Friday, July 2, 2010

1780 Sleeve Puffs

There are many types of trim on gowns & suits of the 18th century. The white sleeve puff of 1780 has always interested me. Though I looked for a pattern, I never found one. The "ah-ha" moment came with the last English Gown that I made. I needed a way to cover up as much fabric as possible (my customer loved it, I hated it... in the end it was quite pretty), without using flounces / engageantes as she's not a fan of them.

Sleeve Puffs are most often seen on English Gowns, Polonaise dresses & jackets... anything with a fitted back. They are rarely paired with flounces, though I've seen a few museum examples set up this way; I'm not sure if this is modern interpretation or historic fact. Puffs do not appear to be as common as flounces or plain cuffs.

My best guess as to who wore them: upper house servants, the lady of the house & upper class ladies who preferred the polonaise styles.
By the time the garments filtered down to the lower and working classes, most of the lace & other decorative elements would have likely been removed, reused and/or sold... this trim is difficult to keep clean & would have to be removed for laundering, making it unlikely that a working woman would bother to fuss with it... though it doesn't require pinning up like flounced do.

Sleeve Puffs, (if anyone knows the proper name, please tell me!), are made from lightweight fabric; muslin, lawn or even fine lace netting... usually white, that is cut to shape & gathered up into puffs on a sleeve. Very similar to decorative cuffs or an outer sleeve. Gathered lace can also be stitched in the center & left loose on top & bottom. This was usually done in layers and often accompanied the puffs.

Ruching, silk or paper flowers, lace, ribbons, bows & all manner of other stuff could be piled on top.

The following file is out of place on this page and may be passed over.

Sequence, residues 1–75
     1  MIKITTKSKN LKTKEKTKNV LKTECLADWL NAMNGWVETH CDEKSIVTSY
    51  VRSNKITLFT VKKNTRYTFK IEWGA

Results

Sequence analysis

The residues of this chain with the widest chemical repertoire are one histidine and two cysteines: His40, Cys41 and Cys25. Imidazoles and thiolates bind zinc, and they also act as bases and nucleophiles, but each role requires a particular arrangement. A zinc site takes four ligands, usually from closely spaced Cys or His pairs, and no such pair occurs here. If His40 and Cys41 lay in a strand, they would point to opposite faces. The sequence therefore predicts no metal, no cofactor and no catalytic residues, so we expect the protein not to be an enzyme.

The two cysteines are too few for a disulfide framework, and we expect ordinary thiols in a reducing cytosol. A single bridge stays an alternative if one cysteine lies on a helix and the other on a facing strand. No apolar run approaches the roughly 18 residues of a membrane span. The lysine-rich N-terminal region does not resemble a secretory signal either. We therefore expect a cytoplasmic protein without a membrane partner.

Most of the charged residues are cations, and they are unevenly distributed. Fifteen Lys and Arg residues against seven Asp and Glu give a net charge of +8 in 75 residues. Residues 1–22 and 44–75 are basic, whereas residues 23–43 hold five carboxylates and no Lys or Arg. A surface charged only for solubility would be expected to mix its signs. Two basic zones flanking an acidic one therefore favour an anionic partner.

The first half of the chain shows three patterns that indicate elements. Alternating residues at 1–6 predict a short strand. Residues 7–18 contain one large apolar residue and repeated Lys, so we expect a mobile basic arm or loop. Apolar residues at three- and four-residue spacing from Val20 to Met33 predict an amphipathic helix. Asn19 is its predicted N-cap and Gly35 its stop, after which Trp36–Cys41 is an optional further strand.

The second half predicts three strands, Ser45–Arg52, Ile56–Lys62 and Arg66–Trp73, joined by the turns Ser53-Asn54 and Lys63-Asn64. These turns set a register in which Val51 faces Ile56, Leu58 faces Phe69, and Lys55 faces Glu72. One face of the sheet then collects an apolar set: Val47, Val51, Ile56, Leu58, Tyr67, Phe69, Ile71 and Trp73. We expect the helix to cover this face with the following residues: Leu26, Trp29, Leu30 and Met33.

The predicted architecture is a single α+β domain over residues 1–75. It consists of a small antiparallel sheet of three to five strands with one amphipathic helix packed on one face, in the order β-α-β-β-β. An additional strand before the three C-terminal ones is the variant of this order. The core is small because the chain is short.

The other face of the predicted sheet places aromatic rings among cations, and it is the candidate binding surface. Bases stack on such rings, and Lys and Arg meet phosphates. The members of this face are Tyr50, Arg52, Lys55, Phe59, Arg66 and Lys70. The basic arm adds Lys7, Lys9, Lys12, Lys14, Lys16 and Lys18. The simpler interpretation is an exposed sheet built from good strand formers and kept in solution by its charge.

This is the formula I used:

1. Measure the "cuff" of the sleeve: 12"

2. Measure the uppermost portion where you want the puff to be (bicep). 14"

3. Measure the distance between these 2 marks up the arm. 3"

4. Decide how full you want the puffs to be & multiply by 2 or 3.
I prefer loose gathers, so I'll multiply by 2.

Cuff: 24"
Bicep: 28"
Depth: 4" - 8" (this leaves room to make the puffs... I figured 1:3 ratio)

5. Draw the pattern to proper measurements & cut on the straight or bias (whichever looks better)
(please note, the above drawing is upside down from how you attach the puff - refer to the purple marks)

6. Sew puff ends together.

7. Finish the edges... I just turned them over rather than rolling them. This reduced bulk & the raw edges are encased at the end.

8. Run gathering stitches along the top & bottom edges.

9. Divide equally up & down into as many gathers as you want & run gathering stitches along those lines. The more lines, the more depth you will need (3).

10. Pin in place & gather onto the cuff. Stitch in place.

11. Pin & stitch each row, moving up the sleeve. Make sure to squish the fabric down so the puffs are evenly distributed. (you may want to pin at the top marker; -bicep- so you know where the next stitching line should fall).

12. Finish the last row so the puff lays horizontally around the sleeve.

13. Add any lace or trim.

14. Repeat with the other sleeve.

1 comment:

Tatieva art said...

Quelle délicatesse dans ces petites manches de dentelles d'autrefois ! C'est beau, j'aime beaucoup, je rêve... Loin, ailleurs...
Tatieva, artiste vintage